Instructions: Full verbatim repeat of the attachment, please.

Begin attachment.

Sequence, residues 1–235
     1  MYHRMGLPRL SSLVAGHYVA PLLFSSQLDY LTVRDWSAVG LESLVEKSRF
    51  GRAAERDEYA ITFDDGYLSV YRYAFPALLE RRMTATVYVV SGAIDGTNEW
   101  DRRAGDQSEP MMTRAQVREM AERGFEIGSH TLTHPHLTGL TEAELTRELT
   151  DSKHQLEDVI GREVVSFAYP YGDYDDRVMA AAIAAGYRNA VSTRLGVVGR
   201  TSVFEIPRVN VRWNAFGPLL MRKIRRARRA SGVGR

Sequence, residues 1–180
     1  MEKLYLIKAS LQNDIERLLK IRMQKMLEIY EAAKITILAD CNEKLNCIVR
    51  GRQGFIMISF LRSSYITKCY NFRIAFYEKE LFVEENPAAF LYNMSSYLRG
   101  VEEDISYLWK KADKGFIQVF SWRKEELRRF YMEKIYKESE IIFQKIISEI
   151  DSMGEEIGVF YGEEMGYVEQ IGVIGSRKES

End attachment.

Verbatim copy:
Sequence, residues 1–235
     1  MYHRMGLPRL SSLVAGHYVA PLLFSSQLDY LTVRDWSAVG LESLVEKSRF
    51  GRAAERDEYA ITFDDGYLSV YRYAFPALLE RRMTATVYVV SGAIDGTNEW
   101  DRRAGDQSEP MMTRAQVREM AERGFEIGSH TLTHPHLTGL TEAELTRELT
   151  DSKHQLEDVI GREVVSFAYP YGDYDDRVMA AAIAAGYRNA VSTRLGVVGR
   201  TSVFEIPRVN VRWNAFGPLL MRKIRRARRA SGVGR

Sequence, residues 1–180
     1  MEKLYLIKAS LQNDIERLLK IRMQKMLEIY EAAKITILAD CNEKLNCIVR
    51  GRQGFIMISF LRSSYITKCY NFRIAFYEKE LFVEENPAAF LYNMSSYLRG
   101  VEEDISYLWK KADKGFIQVF SWRKEELRRF YMEKIYKESE IIFQKIISEI
   151  DSMGEEIGVF YGEEMGYVEQ IGVIGSRKES